Biz group bashes SLC

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By Mariana Ionova
News Editor

Ryerson University has changed the designs for the Student Learning Centre (SLC) in a bid to smooth things over with a business improvement lobby group that bashed the building for being out of sync with the rest of Yonge Street.

The Downtown Yonge Business Improvement Association (BIA) wrote a three-page letter to the SLC building planner in July to “express concern and opposition” to the building, which is set to occupy the northeast corner of Yonge and Gould Streets where Sam the Record Man was formerly located.

In the letter, BIA executive director James Robinson wrote that the proposed SLC does not contain sufficient retail space, would “do little to animate” the street and would undermine the traditional storefront feel of the stretch by placing the entrance on the corner of Gould Street instead of directly on Yonge Street.

Others have also expressed concerns about the SLC and how it would affect the development of the district. Ward 27 councillor Kristyn Wong-Tam told the National Post in July that the business community had serious concerns about the project and that she had met with Ryerson officials to convey ways to correct the design.

In response, Ryerson’s architects altered the plans to include a second entrance on Yonge Street and made stylistic changes to the retail facade to create a more “interesting and dynamic” experience for pedestrians, according to vice-president administration and finance, Julia Hanigsberg.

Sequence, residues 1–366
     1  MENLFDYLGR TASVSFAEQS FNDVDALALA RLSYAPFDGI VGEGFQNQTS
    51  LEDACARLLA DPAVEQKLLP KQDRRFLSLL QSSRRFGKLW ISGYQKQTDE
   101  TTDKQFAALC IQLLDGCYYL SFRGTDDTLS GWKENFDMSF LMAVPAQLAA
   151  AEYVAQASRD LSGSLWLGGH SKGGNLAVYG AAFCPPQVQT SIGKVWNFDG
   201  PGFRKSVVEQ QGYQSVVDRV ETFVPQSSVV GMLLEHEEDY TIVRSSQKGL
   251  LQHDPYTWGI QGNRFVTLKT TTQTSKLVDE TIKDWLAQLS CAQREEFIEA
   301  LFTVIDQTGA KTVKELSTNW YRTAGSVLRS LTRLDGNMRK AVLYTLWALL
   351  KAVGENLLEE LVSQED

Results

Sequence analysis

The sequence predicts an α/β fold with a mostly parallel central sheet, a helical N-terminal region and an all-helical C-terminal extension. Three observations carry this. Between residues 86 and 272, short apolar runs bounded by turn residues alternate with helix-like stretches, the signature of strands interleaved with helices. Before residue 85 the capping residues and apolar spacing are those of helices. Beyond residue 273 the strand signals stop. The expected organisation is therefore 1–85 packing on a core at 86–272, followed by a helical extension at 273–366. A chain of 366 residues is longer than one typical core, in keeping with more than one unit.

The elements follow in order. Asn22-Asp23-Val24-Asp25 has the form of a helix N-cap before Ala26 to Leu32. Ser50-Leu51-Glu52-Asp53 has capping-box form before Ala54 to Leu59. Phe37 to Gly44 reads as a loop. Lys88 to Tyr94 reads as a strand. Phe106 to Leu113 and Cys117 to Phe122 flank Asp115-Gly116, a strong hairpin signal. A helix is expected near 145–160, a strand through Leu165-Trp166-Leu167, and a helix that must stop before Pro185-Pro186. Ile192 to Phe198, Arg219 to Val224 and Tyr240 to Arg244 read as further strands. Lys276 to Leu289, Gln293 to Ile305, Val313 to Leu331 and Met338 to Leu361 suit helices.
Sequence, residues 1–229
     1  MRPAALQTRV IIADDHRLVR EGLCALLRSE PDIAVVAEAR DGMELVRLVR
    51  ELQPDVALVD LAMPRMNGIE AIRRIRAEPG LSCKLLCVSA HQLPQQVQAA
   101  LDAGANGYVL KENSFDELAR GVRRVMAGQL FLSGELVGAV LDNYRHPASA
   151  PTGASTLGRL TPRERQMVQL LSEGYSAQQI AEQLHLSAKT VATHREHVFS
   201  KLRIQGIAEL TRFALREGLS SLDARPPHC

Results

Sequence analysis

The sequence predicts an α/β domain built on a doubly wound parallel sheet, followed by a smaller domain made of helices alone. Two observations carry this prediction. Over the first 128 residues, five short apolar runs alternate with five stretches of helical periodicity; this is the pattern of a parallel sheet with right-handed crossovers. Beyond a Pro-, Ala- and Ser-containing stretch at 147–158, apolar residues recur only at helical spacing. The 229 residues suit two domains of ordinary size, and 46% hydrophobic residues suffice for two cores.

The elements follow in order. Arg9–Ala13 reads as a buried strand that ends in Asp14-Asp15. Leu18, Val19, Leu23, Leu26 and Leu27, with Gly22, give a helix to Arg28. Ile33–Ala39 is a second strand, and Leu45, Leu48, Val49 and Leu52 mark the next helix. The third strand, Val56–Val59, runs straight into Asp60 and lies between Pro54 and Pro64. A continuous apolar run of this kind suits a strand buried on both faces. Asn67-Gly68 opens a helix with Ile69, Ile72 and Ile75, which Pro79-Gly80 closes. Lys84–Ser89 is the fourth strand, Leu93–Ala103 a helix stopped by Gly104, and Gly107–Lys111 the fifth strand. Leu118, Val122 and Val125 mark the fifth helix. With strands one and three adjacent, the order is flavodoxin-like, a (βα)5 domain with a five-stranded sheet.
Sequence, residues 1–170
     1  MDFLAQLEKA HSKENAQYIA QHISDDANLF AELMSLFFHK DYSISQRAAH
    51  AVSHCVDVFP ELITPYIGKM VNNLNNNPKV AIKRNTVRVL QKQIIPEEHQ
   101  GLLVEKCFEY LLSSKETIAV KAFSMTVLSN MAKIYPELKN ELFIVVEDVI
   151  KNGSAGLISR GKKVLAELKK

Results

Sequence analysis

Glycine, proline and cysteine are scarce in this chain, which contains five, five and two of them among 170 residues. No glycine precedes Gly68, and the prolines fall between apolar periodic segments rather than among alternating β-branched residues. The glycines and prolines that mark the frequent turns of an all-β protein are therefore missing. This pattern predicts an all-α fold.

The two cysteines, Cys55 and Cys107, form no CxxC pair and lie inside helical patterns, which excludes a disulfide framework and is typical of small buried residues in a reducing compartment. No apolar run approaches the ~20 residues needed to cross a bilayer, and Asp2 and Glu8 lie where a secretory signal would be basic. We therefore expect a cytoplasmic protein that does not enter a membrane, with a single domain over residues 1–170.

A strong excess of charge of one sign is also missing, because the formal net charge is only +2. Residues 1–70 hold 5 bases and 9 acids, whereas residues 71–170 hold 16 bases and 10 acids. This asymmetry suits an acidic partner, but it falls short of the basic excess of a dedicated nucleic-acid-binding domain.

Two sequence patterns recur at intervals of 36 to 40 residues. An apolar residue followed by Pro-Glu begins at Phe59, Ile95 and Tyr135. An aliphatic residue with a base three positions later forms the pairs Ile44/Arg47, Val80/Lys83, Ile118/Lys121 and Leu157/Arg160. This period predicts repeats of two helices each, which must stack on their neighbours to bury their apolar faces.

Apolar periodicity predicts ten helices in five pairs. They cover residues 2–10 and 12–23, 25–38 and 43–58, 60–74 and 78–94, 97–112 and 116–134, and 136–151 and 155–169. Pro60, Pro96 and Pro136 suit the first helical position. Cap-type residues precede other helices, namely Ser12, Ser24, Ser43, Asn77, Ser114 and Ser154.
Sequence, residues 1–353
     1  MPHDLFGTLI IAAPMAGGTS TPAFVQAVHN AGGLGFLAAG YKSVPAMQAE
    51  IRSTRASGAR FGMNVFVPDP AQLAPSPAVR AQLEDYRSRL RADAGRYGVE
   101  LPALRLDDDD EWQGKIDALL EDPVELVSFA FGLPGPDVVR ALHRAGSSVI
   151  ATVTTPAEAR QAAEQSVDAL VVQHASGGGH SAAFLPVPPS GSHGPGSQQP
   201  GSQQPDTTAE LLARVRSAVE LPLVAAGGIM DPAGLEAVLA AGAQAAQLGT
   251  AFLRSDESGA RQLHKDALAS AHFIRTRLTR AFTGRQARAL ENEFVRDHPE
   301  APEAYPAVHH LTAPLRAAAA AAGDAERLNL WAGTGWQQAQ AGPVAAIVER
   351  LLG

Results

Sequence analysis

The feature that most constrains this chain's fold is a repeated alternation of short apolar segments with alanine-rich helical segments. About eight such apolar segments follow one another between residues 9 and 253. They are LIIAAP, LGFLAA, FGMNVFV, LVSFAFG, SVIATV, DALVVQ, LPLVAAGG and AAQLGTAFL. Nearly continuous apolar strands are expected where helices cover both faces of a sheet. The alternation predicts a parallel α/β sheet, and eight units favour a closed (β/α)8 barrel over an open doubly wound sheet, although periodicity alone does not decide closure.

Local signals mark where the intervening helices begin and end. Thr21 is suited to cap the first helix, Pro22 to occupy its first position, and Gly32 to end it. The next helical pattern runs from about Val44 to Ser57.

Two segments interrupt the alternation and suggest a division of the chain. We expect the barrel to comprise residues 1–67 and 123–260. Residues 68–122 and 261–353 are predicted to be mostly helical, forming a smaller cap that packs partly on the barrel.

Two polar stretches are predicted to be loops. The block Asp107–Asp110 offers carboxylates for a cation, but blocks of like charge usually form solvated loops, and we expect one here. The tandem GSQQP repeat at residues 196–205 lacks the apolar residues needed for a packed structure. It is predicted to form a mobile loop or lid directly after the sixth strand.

“The changes made were very well received by the BIA,” said Ryerson President Sheldon Levy.

The alterations to the design have not impacted the schedule or the budget of the project, according to Hanigsberg.

Construction of the SLC is set to begin in early 2012 and the building is expected to be completed by 2014. The centre will be nine stories, with retail space on the ground level and library facilities on the upper floors. A bridge will connect the building to the existing library and the space will also include a new Digital Media Zone.

The project will cost a total of $112 million, with the provincial government providing $45 million of the funding and the university financing the rest of the budget.

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